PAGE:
Portraits of Wildflowers

Perspectives on Nature Photography

We had two December 25ths last year

with 33 comments

Unlike most people, Eve and I lived through two December 25ths last year. The first one began in our hotel across from the Mactan-Cebu International Airport in the Philippines, where we boarded a flight for Taipei. The second December 25th began over the Pacific Ocean at the International Date Line during our flight from Taipei to San Francisco. That second December 25th ended in Austin after our third and final flight.

The cloud pictures I took through the plane’s window between the Philippines and Taiwan turned out to be the last photographs of any kind I took on our trip, and so this 22-episode Philippine travelogue comes to an end.

© 2020 Steven Schwartzman

Written by Steve Schwartzman

February 25, 2020 at 5:49 AM

33 Responses

Subscribe to comments with RSS.

  1. I always think how solid clouds look from above.


    February 25, 2020 at 6:07 AM

    • Still, I take it you don’t see them as so solid that you’d try to stand on one.

      Steve Schwartzman

      February 25, 2020 at 6:14 AM

      • I have thought it possible, be like walking on a bouncy castle made out of meringues, but I won’t be trying it any time soon 😆


        February 25, 2020 at 10:00 AM

  2. I always find looking at clouds fascinating. Great shots from above, Steve!

    Peter Klopp

    February 25, 2020 at 7:46 AM

    • Airplanes have let us look at clouds from above as well as from below, as Joni Mitchell sang in her now-classic “Both Sides Now.” The view from planes has added to the perennial fascination people have always experienced looking up from the ground.

      Steve Schwartzman

      February 25, 2020 at 7:51 AM

  3. The clouds in the first photo suggest grasses blowing in the wind, and the second brought to mind O’Keeffe’s Sky Above Clouds IV. The last is my favorite. The combination of elements — especially the striated clouds — really do add up to more than the sum of the photo’s parts.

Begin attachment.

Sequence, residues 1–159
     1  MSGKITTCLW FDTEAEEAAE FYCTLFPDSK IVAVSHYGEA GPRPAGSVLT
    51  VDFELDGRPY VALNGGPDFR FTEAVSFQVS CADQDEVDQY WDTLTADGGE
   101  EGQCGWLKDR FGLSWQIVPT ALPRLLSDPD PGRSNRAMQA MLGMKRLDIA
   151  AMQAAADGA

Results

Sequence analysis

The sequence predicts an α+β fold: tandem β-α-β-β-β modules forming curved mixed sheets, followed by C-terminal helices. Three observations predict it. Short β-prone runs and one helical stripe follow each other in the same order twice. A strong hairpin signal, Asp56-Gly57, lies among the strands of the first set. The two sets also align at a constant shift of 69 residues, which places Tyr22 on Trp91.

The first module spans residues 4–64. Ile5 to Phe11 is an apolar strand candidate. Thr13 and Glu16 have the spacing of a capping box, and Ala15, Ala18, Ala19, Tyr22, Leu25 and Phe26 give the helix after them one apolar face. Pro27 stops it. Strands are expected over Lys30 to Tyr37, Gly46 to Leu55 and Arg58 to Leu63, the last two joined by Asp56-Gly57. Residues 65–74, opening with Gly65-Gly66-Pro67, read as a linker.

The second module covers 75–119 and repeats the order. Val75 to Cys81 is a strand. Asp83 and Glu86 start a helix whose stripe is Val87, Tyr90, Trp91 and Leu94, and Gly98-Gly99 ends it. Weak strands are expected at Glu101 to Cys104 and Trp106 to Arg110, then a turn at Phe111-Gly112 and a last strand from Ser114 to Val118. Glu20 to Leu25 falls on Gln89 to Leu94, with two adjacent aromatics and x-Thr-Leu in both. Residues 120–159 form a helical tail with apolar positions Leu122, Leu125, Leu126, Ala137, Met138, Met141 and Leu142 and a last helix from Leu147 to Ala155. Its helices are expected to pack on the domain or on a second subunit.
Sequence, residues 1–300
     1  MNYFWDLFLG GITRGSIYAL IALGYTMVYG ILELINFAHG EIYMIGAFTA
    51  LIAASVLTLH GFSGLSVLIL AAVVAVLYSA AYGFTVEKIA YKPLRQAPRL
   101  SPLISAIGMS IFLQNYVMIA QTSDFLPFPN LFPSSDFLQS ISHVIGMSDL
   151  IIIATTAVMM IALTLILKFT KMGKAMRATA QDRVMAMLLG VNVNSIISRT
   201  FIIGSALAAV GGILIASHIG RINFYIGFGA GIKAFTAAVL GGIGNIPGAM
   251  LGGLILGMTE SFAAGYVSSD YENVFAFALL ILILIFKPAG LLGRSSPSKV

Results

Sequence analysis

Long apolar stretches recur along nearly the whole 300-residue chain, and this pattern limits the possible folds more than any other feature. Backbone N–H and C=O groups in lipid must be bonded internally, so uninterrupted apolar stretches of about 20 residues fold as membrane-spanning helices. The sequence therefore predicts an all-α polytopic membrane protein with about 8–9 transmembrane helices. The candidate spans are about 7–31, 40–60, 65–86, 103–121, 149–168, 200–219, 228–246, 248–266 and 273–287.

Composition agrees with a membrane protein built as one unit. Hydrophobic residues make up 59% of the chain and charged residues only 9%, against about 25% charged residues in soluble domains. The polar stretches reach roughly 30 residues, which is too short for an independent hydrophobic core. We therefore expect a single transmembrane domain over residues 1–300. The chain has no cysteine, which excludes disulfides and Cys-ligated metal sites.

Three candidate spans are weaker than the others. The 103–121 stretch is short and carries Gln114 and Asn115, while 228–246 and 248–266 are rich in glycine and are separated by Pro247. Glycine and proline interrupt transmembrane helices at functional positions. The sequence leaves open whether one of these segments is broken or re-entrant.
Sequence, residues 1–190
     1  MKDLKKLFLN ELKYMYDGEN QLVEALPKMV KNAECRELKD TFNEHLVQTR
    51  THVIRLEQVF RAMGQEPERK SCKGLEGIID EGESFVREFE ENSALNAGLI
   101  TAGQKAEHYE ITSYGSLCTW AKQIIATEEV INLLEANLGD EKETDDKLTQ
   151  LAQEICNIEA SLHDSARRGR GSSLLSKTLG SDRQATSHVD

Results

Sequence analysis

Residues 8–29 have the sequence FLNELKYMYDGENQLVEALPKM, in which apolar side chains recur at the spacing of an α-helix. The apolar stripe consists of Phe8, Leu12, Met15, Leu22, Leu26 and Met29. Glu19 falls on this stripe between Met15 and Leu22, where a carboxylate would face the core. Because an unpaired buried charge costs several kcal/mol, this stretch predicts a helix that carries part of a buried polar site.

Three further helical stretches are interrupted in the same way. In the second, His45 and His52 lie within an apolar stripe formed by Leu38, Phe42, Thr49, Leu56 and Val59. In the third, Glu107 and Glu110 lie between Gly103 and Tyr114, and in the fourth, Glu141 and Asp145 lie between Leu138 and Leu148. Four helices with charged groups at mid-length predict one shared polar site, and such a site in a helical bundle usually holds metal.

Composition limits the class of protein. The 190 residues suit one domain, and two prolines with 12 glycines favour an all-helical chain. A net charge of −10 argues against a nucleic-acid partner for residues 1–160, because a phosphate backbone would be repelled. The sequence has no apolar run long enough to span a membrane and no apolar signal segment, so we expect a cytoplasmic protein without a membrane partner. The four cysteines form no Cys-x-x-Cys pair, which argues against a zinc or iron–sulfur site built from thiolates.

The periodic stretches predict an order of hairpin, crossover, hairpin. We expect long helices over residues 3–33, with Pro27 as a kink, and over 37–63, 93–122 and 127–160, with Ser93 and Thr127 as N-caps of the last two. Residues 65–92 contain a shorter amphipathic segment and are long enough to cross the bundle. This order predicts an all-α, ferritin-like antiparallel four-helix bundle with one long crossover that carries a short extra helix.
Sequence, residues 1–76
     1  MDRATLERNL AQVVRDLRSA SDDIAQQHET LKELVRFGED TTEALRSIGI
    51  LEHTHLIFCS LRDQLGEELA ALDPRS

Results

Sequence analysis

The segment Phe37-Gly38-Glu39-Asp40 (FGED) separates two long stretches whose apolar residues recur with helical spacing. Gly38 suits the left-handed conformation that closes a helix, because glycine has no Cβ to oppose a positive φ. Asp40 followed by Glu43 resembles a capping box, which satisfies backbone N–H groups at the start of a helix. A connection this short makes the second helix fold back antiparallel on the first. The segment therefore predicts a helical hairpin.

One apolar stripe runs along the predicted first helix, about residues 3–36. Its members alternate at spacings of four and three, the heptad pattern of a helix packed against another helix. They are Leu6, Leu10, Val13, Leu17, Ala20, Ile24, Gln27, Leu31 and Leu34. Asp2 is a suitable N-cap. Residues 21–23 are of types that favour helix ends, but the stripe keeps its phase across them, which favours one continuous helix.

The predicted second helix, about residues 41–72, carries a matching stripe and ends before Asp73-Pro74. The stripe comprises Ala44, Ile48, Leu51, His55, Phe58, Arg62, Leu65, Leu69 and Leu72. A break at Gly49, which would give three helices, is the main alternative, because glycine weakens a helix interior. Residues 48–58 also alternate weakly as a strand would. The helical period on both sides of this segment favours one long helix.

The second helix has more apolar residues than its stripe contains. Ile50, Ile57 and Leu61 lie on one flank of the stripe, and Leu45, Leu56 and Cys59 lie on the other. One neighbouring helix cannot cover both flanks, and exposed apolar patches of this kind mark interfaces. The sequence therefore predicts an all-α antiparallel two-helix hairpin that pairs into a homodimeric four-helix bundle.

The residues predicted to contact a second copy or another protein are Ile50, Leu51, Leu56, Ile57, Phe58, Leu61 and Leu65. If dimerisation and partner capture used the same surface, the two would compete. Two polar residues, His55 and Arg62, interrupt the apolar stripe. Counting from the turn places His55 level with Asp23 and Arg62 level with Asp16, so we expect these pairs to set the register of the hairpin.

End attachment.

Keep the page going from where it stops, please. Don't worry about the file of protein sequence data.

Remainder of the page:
February 25, 2020 at 7:50 AM

    • I took the first picture obliquely, trying for a pleasant composition, and in doing so I unbound myself from a conventional orientation. In contrast, the second picture plays up the horizontality of all those clouds spread out parallel to the unseen earth. The third picture is unlike any I recall taking before, with the top half seeming to come from a different reality than the bottom half, as you implied. A happy sum indeed.

      Steve Schwartzman

      February 25, 2020 at 8:00 AM

  4. That’s how Santa Claus does it!!!

    Jason Frels

    February 25, 2020 at 8:39 AM

  5. I also thought of O’Keeffe. Cloud photography outside of airplane windows has always been a favorite activity of mine. Indeed, I posted one in January on our flight to Newark, which eventually led us to Iceland.

    Michael Scandling

    February 25, 2020 at 10:24 AM

  6. Beautifully done, Steve. I particularly like the portraits.

    Peter Hillman

    February 25, 2020 at 10:28 AM

    • Thanks for letting me know. We see pictures of clouds in portrait orientation much more than in landscape orientation, which is one reason to go for vertical framing.

      Steve Schwartzman

      February 25, 2020 at 10:48 AM

  7. That doesn’t happen often!! The clouds are beautiful.


    February 25, 2020 at 3:43 PM

  8. I wonder if Santa Claus showered you with presents twice. 🎅🎅


    February 25, 2020 at 9:18 PM